WASHINGTON — President Trump’s push to roll back federal regulations will take a significant toll on Americans’ health and finances, according to a surprising source — the Trump administration itself.

These human costs — which include more deaths from air pollution, higher medical bills and increased student debt — rarely get mentioned by the president, who often touts the economic benefits of his deregulatory campaign.

But a review of thousands of pages of federal regulatory and legal filings shows that multiple agencies predict in their own analyses that the changes will cause an extensive list of harmful, even deadly, effects.

The Environmental Protection Agency, for example, calculated as many as 1,400 more premature deaths a year as a result of its proposed rule providing incentives to electric utilities to keep coal-fired power plants operating longer.

The Department of Education, which has taken several steps to scale back rules on for-profit colleges and universities, conceded that one of its rollbacks had left students with more than $50 million in additional debt.

The Department of Homeland Security acknowledged in regulatory filings that its proposal to curtail immigrants’ access to Medicaid and other government safety net programs risks increasing malnutrition among children and pregnant and breastfeeding women.

And the Department of Health and Human Services predicted that a regulation lifting restrictions on health plans with skimpier benefits would reduce sicker patients’ access to medical care and expose them to higher costs.

“I have never seen an administration take such a callous view of the health impacts of their policy proposals,” said Lyndsay Moseley Alexander, who directs the American Lung Assn.’s Healthy Air Campaign.

Federal agencies often say in regulatory filings that those costs are outweighed by economic benefits. Officials project that their moves will spur economic growth, cut government spending or reduce administrative burdens.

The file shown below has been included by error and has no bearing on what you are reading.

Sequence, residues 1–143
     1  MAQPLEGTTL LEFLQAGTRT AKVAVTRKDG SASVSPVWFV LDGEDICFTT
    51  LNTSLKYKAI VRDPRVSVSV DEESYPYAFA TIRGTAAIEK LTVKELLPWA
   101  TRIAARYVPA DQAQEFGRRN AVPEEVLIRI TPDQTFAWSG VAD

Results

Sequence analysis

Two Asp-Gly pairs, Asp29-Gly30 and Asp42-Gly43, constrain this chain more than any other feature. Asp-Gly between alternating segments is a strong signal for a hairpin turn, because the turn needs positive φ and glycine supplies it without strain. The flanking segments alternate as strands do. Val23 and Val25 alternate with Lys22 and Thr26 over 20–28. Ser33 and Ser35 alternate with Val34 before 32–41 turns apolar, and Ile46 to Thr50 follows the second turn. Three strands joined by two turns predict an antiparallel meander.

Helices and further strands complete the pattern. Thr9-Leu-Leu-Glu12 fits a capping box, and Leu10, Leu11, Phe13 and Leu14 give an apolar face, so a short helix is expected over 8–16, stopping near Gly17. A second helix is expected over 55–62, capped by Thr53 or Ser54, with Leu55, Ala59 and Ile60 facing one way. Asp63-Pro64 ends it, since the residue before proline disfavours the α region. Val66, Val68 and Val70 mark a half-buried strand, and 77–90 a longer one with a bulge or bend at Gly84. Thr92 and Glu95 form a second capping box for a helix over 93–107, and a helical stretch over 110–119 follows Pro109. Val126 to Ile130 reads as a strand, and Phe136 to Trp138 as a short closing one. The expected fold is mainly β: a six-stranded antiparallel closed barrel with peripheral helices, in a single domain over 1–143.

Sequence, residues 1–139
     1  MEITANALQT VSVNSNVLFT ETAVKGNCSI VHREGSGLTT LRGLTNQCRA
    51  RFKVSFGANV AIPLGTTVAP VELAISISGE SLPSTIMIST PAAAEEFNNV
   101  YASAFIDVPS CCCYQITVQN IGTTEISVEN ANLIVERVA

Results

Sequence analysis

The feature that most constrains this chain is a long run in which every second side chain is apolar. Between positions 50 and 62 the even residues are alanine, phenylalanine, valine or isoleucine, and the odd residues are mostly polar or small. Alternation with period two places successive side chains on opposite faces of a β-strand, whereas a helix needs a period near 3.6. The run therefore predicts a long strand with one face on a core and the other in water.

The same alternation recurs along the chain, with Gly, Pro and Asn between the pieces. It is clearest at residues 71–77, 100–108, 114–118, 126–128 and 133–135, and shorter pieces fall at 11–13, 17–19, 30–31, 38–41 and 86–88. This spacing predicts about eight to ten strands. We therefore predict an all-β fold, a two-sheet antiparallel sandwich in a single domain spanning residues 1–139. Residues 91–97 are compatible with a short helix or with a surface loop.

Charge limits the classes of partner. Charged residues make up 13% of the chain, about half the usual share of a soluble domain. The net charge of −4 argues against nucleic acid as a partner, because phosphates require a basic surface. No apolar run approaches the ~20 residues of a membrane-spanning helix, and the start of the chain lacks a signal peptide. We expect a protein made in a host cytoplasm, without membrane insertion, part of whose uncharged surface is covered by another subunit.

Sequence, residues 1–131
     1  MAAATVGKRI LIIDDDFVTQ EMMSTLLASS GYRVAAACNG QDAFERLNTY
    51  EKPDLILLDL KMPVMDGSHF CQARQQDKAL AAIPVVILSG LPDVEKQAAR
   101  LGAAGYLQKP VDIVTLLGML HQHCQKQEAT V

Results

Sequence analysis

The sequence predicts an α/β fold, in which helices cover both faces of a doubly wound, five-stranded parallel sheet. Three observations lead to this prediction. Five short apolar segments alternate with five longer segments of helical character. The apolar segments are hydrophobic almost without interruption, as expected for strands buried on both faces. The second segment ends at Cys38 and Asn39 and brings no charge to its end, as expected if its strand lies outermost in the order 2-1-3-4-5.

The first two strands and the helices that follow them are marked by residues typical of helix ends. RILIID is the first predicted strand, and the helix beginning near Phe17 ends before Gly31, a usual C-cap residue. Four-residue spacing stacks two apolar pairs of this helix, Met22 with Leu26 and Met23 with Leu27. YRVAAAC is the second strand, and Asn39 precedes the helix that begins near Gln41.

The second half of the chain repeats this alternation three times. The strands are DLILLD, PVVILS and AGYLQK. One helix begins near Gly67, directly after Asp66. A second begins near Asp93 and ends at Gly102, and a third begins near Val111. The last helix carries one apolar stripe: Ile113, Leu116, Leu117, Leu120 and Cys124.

Trump routinely cheers such benefits. “We’ve cut regulations more than any president ever,” he told Fox Business News at a recent White House event in which he claimed deregulation was saving billions of dollars.

But hundreds of patient groups, public health organizations, consumer advocates and others dispute that, saying that many of the administration’s proposals pose particular risk for vulnerable Americans, including children, patients with serious illnesses and struggling students.

“The notion that deregulation is good for the economy and good for consumers is ill-conceived,” said Sally Greenberg, executive director of the National Consumers League. “In fact, the overall cost of deregulation is actually a drag on the economy because it ultimately hurts consumers and harms their health.”

Dr. Todd Wolynn, who heads a large Pittsburgh-area pediatric practice, says he and his colleagues are already seeing the effects of some of the changes.

“It seems like every time we see a regulatory change from Washington, it is hurting the health of our families,” he said. “These are the last people we should be taking protections away from.”

Since the Reagan administration, federal rules have required agencies to lay out the anticipated costs and benefits of proposed regulations through regulatory impact analyses.

The rigor of these analyses has varied greatly, according to experts. Under Trump, several major policy initiatives have been undertaken without a full accounting of their potential effects, particularly on vulnerable populations.

The Education Department, for example, did not report how many student borrowers would be affected by a proposed rule issued earlier this year making it more difficult for students who have been defrauded by colleges to get debt relief. Nor did the agency report how much more debt these students could face.

Only when borrowers sued did the agency acknowledge in court filings that scaling back the federal government’s debt relief program had left students with $56.9 million in additional debt.